MASSEN, Germany—On a mild spring evening, Frauke Hildebrandt maneuvered through choked highways and accelerated down county roads, driving straight across her home state of Brandenburg deep into coal country. It was rush hour and Hildebrandt was running a little late.
She was the guest of honor at a gathering here in Massen, a quiet, tidy village along the state’s southeastern rim, and a small group of about a dozen people had turned out to meet her at a tavern on the main road.
Hildebrandt is a member of the center-left Social Democrats (SPD) and sits on the party’s Commission on East Germany in Brandenburg. Equally important, however, is that her name is iconic in this region. Frauke’s late mother, Regine Hildebrandt, was dubbed the “voice of the east”—an SPD politician after German reunification, she spent years battling to bring East Germans’ concerns to the halls of power in Berlin. She was dogged in her pursuit, and for that she was beloved and admired.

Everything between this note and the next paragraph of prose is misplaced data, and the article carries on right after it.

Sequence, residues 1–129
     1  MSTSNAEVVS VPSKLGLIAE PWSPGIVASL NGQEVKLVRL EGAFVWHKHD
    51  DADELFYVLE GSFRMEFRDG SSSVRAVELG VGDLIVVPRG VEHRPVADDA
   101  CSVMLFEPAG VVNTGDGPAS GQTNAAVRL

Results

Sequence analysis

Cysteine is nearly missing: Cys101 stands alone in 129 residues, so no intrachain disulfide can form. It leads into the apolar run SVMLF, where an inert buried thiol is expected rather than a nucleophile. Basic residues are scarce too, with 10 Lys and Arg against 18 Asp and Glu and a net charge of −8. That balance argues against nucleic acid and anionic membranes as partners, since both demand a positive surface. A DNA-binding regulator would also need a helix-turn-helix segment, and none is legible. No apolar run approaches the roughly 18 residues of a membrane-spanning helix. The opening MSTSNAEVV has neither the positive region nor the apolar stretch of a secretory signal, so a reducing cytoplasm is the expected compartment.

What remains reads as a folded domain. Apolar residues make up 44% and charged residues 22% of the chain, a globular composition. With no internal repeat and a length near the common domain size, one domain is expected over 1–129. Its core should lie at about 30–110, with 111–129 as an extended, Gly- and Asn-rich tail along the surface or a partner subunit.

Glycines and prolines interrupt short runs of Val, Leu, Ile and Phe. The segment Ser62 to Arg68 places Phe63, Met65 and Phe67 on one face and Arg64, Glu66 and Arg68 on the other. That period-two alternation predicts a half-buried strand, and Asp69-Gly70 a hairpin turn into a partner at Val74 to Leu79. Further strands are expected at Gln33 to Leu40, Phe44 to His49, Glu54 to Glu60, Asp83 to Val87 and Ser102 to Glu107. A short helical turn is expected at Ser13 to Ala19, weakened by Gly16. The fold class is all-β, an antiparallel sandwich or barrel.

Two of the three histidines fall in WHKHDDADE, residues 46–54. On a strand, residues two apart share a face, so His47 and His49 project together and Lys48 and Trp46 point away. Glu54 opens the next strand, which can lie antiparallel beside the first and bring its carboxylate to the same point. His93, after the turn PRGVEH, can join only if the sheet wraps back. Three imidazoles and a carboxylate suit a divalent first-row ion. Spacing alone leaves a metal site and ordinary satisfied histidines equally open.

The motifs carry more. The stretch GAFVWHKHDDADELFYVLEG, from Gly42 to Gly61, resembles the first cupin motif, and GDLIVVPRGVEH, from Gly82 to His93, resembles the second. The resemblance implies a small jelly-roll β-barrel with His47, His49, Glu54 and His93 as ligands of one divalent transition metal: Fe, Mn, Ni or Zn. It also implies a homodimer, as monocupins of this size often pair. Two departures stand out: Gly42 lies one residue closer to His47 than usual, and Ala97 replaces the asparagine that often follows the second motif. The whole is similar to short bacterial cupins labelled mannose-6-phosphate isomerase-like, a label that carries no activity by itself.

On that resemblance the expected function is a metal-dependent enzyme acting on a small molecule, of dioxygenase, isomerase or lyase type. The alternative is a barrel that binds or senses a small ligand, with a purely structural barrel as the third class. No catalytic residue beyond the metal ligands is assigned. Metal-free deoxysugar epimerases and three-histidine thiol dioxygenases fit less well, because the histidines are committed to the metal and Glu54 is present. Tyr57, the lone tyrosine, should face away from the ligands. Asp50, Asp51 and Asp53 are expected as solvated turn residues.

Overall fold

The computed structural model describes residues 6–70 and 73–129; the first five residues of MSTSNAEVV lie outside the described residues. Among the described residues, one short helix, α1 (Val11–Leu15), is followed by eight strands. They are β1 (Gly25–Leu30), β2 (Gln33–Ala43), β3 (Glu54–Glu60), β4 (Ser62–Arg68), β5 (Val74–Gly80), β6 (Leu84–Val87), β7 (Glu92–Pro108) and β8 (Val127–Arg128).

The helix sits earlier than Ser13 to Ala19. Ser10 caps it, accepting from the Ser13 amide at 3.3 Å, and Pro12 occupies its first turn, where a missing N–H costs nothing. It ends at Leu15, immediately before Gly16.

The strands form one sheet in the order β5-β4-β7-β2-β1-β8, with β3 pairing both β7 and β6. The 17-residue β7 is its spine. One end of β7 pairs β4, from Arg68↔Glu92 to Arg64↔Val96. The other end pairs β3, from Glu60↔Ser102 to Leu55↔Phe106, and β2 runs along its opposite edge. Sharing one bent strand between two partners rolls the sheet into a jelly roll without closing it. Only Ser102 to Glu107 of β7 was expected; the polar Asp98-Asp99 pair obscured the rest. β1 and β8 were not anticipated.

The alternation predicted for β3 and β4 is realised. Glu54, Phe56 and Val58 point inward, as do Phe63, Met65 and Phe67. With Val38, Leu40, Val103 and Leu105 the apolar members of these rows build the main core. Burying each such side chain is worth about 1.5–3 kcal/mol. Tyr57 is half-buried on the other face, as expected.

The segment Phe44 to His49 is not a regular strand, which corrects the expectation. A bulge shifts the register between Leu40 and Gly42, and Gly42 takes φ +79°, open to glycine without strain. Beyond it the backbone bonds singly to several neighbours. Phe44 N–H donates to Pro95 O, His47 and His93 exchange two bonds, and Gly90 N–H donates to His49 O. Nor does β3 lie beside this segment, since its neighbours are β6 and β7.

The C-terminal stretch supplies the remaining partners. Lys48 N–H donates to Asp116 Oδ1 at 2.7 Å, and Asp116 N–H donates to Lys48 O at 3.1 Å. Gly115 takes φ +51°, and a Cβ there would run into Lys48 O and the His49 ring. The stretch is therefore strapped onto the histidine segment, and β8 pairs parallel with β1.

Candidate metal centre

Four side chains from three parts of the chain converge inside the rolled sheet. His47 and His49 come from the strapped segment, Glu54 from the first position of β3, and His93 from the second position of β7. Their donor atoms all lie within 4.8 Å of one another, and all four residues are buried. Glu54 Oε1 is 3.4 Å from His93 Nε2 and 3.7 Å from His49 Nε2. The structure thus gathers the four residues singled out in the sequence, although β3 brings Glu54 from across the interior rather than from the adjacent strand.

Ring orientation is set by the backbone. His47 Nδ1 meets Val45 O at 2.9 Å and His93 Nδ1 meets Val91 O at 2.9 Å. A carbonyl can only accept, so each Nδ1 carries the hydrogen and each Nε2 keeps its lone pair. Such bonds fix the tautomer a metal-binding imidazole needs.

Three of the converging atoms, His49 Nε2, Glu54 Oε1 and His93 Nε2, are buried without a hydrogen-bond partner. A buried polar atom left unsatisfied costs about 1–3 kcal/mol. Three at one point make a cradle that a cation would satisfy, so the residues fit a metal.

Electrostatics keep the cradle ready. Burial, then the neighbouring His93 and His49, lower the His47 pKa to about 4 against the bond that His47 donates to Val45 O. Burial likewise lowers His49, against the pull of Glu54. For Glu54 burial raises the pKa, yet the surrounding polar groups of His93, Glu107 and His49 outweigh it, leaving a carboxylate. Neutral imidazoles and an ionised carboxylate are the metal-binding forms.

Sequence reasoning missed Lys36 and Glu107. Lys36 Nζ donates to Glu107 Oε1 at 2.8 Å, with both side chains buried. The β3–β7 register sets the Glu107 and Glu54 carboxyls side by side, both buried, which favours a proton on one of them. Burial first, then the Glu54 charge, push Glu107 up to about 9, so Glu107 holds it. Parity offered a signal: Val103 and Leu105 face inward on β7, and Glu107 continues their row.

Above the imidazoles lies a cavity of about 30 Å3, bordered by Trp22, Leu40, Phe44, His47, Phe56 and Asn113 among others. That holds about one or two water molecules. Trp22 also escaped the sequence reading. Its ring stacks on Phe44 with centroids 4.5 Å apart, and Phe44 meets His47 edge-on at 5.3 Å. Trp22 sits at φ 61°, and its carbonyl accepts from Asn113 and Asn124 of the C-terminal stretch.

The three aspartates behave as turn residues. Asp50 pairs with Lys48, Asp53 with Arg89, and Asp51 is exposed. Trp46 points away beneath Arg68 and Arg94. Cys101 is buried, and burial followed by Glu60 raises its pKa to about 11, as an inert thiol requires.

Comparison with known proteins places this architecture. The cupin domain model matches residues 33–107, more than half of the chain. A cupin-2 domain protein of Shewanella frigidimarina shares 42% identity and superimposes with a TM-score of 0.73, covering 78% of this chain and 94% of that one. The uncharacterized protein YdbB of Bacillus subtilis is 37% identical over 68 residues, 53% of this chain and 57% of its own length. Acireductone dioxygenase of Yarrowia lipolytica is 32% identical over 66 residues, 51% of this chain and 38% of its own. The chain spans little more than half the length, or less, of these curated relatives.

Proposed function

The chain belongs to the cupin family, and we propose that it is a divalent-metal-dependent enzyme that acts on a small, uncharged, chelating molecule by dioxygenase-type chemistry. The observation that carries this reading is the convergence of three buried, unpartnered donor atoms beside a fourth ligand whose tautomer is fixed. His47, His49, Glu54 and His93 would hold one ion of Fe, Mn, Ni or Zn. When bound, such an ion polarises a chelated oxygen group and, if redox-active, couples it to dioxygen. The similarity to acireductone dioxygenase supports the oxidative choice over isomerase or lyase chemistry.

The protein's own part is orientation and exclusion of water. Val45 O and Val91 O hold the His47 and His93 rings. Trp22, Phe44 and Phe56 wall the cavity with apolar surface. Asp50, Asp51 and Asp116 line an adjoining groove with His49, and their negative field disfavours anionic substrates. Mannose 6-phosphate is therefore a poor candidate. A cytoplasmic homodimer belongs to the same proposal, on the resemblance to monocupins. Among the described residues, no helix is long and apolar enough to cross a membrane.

Frauke Hildebrandt knows that her mother’s name opens doors across East Germany. Over the past six months, she has crisscrossed the region to meet citizens and gather support for a deeply divisive proposal she is spearheading: a quota for East Germans in top positions across academia, politics, business, media, and law. As she has taken her campaign to national media and talk shows, she has encountered support, but also scorn and skepticism from those who fundamentally oppose quotas and those who reject the premise that East Germans are systematically disadvantaged when it comes to representation.